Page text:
• Obama and the White House got enough Democratic support -- but they don’t have the juice they once had

Yes, in the end, Obama won and Pelosi lost. But how public and personal it was is a big sign of things to come in the next Congress. It would have been disastrous for Obama had the legislation gone down to defeat. So call it the White House’s near- (lame) DUCK experience. For six years, the divides inside the Democratic Party were papered over by the greater goal of the party to rally around their president. But now that many congressional Democrats view their president as weak and less powerful today (thank you 22nd Amendment!), there is more comfort in the populist wing of the Democratic Party to clash with the president and the establishment wing. As has been noted for the last four years as Washington has been engrossed in the drama of the divided GOP, there are similar divides in the Dem Party, they just were papered over by Obama. That paper has now been shredded.

  • Boehner still has a base issue

Finally, lost in the very public and open spat between House liberals and the White House, were the existing divisions inside the Republican Party. Yes, most of the GOP caucus (162 of them) voted for the spending bill. But a sizable portion (67) voted against. And if that dynamic remains, Boehner is going to need votes from House Democrats to get to 218 votes. Then again, if he thinks Pelosi will make things even harder for him, it could mean he sends more conservative legislation to the Senate and the leverage then changes to the 8-10 more centrist Democrats in the Senate, probably the last group of Democrats Pelosi and her supporters want to see have the key leverage in any policy debate in 2015.

Brennan speaks

To us, the biggest conclusion from CIA Director Brennan’s remarks yesterday was that he chose not to fight. What he did do was say things that would please all sides of this debate – he stood up and praised CIA workers, he acknowledged wrongdoing that had been committed, and he took a middle ground on the question of whether the harsh interrogations worked (he concluded it was “unknowable”). While Sen. Dianne Feinstein certainly battled with Brennan, don’t miss this statement she released yesterday after the CIA director’s remarks: “CIA Director Brennan’s comments were not what I expected. They showed that CIA leadership is prepared to prevent this from ever happening again—which is all-important. I watched today’s press conference closely and agree with many of the things Director Brennan said.”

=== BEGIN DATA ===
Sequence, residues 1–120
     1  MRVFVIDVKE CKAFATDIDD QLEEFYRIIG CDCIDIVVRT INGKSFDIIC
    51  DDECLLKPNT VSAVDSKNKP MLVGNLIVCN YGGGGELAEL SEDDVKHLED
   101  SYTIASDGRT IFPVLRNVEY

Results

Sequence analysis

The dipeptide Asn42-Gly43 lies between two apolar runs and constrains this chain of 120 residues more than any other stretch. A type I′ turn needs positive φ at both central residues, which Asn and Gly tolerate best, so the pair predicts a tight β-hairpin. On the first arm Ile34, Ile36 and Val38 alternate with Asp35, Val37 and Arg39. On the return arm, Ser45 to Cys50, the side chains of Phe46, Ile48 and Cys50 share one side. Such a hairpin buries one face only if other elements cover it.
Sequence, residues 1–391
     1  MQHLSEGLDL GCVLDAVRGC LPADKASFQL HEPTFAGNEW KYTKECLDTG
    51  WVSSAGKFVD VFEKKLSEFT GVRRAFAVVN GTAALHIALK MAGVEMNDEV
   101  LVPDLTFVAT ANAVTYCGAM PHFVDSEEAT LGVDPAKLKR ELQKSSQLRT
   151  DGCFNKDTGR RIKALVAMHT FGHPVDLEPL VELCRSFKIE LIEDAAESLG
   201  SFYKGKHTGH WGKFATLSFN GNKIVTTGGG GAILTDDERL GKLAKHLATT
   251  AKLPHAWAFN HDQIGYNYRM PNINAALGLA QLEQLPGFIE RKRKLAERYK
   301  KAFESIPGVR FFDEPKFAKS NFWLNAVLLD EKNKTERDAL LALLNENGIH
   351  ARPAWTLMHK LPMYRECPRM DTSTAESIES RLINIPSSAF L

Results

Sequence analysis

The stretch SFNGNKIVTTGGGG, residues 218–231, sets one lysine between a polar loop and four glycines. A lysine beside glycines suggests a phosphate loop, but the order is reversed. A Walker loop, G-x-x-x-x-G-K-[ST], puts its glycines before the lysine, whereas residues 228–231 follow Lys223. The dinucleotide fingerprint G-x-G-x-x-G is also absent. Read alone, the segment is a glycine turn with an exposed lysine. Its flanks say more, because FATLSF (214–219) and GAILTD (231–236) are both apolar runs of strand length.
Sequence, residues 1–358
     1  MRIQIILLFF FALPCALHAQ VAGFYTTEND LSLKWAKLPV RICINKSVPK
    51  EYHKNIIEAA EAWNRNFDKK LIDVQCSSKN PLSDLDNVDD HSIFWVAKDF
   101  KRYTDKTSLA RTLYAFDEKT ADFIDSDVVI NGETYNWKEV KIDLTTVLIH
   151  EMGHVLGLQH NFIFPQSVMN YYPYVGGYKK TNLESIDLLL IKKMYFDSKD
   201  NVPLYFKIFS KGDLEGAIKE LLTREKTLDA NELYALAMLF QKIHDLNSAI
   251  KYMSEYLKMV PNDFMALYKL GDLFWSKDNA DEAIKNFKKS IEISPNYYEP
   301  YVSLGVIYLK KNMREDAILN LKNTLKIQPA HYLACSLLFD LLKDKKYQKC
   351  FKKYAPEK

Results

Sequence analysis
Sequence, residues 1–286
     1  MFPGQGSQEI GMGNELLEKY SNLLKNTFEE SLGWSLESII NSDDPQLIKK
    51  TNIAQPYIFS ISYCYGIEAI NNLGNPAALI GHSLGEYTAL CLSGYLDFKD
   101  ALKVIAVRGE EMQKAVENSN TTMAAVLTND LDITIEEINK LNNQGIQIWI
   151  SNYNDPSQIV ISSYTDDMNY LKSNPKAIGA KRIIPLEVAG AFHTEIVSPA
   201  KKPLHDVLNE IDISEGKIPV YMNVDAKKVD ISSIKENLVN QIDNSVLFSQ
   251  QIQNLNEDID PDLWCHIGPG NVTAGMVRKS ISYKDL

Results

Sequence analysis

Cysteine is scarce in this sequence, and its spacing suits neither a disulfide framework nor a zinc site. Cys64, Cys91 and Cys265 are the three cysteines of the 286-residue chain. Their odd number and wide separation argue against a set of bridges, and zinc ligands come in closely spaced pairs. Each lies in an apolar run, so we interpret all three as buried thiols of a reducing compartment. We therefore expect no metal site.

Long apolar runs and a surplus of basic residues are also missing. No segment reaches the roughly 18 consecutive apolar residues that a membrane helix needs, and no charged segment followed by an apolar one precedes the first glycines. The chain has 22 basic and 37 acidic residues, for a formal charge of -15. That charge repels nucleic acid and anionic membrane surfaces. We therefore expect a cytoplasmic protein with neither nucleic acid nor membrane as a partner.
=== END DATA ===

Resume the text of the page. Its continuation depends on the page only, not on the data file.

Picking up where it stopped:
Is Mitt hoping that Jeb doesn’t run?

Lastly, don’t miss the Politico piece that has Mitt Romney sounding more and more like someone who’s now thinking about a third presidential run, and that also has Romney taking some shots at Jeb Bush. From the piece: “While some people close to Romney insist he hasn’t moved from saying he has no plans to run, the 2012 Republican nominee has sounded at least open to the idea in recent conversations, according to more than a dozen people who’ve spoken with him in the past month. In his private musings, Romney has sounded less than upbeat about most of the potential candidates in the 2016 Republican field, according to the people who’ve spoken with him, all of whom asked for anonymity in order to speak freely.” And then there’s this: “He has said, among other things, that Jeb Bush, the former Florida governor, would run into problems because of his business dealings, his work with the investment banks Lehman Brothers and Barclays, and his private equity investments. ‘You saw what they did to me with Bain [Capital],” he has said… ‘What do you think they’ll do to [Bush] over Barclays?’” Is Romney’s logic here: Pick me, because at least I’ve dealt with these kind of attacks before?